This structure is relatively difficult to make and adjust because it aims to darken only those cells that are placed between the source of dazzling and the driver's eyes.
Further, US Pat. No. 4,848,890 discloses spectacles in which a lens is formed by a matrix of liquid crystal cells and a directional photosensitive sensor is provided on a frame. Depending on the direction in which the sunlight comes, the cell is switched to an opaque state so that the wearer of the glasses is not dazzled by the sun. The main drawback of this arrangement is that the majority of the spectacle lenses, in particular a quarter of the surface of each lens, are darkened, resulting in field of view reduction that is incompatible with driving a car.
EP-A-0498143 also discloses an active anti-glare screen for motor vehicle drivers. This screen may be attached to the windshield of the car or may be in the form of a spectacle lens, which includes an ambient brightness sensor, and a measuring circuit that compares the measured value to a threshold value forms the spectacle lens Controls the transparent state of the liquid crystal. The lens is completely transparent when there is no measurement signal. The disadvantage of this configuration is that the lens is turned on and off in the binary mode, and the lens is in the maximum or minimum transparent state depending on whether the luminance is above or below a predetermined threshold.
Other solutions have been tested to compensate for driver dazzling at night.
For example, French Patent Application No. 2846756 discloses in a driver's field of view a first polarizing filter in the vicinity of a light source and a second polarizing direction perpendicular to the polarizing direction of the first polarizing filter. A method for improving the driver's night vision is disclosed.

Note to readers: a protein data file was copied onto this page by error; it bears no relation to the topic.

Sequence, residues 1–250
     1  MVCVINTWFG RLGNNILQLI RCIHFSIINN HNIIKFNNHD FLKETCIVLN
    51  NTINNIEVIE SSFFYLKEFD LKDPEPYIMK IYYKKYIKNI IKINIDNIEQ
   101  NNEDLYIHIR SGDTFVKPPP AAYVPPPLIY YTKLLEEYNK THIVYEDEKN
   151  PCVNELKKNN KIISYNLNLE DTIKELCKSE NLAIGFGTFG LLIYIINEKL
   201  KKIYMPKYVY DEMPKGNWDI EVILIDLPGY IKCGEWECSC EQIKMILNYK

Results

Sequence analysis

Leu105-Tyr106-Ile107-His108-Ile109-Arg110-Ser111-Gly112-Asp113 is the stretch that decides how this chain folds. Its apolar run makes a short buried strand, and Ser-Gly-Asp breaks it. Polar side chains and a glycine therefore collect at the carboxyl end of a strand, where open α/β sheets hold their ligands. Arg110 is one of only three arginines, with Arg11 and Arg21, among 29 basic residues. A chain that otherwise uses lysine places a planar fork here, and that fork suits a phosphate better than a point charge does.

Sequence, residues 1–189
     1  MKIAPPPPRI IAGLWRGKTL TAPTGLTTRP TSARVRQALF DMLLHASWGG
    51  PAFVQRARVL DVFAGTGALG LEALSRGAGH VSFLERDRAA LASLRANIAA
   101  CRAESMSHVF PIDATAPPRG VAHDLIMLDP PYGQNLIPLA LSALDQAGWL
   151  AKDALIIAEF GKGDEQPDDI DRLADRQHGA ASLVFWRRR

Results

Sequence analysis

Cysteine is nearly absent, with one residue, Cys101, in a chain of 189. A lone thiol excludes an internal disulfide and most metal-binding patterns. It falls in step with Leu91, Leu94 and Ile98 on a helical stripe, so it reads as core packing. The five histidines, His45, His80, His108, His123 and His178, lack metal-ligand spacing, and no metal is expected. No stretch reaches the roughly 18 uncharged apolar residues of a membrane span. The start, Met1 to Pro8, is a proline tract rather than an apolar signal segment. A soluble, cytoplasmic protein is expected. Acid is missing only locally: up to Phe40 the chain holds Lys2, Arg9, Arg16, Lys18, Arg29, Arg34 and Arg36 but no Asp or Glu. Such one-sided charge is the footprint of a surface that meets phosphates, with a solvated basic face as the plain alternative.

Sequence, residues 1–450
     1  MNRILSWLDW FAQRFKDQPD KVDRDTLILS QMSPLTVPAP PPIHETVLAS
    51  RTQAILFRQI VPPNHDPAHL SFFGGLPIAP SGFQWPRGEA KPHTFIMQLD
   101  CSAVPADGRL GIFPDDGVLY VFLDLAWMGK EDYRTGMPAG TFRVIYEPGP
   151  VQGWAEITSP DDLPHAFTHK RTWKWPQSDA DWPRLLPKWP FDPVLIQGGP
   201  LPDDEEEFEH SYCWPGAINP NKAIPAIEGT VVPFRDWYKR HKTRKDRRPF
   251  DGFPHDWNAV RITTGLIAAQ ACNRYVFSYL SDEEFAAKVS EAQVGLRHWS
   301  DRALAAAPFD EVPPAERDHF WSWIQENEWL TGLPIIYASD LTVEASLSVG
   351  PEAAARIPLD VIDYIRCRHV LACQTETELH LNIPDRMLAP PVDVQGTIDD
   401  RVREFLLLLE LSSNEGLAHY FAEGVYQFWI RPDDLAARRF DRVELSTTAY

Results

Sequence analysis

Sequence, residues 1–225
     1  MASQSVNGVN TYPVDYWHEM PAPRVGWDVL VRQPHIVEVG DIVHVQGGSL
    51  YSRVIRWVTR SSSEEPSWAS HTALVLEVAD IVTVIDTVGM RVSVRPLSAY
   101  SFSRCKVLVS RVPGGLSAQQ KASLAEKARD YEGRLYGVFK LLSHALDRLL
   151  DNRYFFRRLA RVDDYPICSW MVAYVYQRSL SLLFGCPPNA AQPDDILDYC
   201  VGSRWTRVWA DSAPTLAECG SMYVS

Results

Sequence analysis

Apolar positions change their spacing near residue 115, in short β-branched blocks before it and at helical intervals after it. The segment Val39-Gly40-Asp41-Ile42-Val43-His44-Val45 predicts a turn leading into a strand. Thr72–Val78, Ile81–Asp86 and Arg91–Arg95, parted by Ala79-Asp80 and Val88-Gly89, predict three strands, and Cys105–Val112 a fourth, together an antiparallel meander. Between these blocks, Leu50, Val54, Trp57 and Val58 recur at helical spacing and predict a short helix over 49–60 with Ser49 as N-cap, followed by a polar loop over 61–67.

While this solution is theoretically sufficient, in order to be effective, it is necessary to attach a polarizing filter to the protective outer lens of the lighting system of all automobiles traveling on the road and the driver It is also necessary to supply polarizing glass.
Further, European Patent Application No. 0498143 (A1) discloses an anti-dazzling device including an optical sensor that outputs a proportional signal at an ambient luminance value within a predetermined measurement angle. The optical sensor transmits this signal to a circuit for measurement and comparison with a predetermined threshold value. If the measured value exceeds the predetermined value, the comparison circuit is configured to change from the completely transparent state when there is no signal to the partially transparent state or the color state at the time of signal transmission, and to return to the transparent state when the signal is interrupted. Send a signal to turn on the electrosensitive screen.
The disadvantage of this device is that it affects the perception of the entire road scene. If the ambient brightness exceeds the authentication threshold, only one element can form a single point in the road scene, resulting in excessive brightness, but the entire road scene will be blurred. In this case, the driver given this anti-dazzle device sees important elements in the road scene, such as traffic signs warning the impending danger, and the road surface illuminated by the headlight beam of the driver's vehicle. It may not be possible.
US 2009/213282 discloses medical eyeglasses for treating age-related macular degeneration (ARMD) by using adjustable variable transmission eyeglasses. These glasses include a liquid crystal whose transmission changes depending on the application of a potential depending on the ambient luminance. The transmission of the liquid crystal depends on the duty cycle of the PWM signal applied to the liquid crystal. Such medical or therapeutic devices require a relatively complex electronic data processing infrastructure and are not applicable to car drivers.
WO 92/10130 includes a liquid crystal film in which the lens is either transparent or opaque depending on the electric field, the electric field depending on the ambient brightness measured by a sensor held on the frame of the glasses It is. The document also describes that the liquid crystal film can be divided into a plurality of cells, each cell being either transparent or opaque when in the path between the bright light source and the eye of the eyeglass wearer, and at night in an automobile. It is disclosed that application to traveling is possible.
EP 0 449 433, U.S. Pat. No. 3,961,181 and U.S. Pat. No. 2,445,365 describe a camera that captures a road scene in front of a vehicle, a light source and a driver's eyes. A dazzling prevention device for night driving of a vehicle is disclosed that includes a liquid crystal screen having pixels whose transmission is controlled according to a light source in a road scene.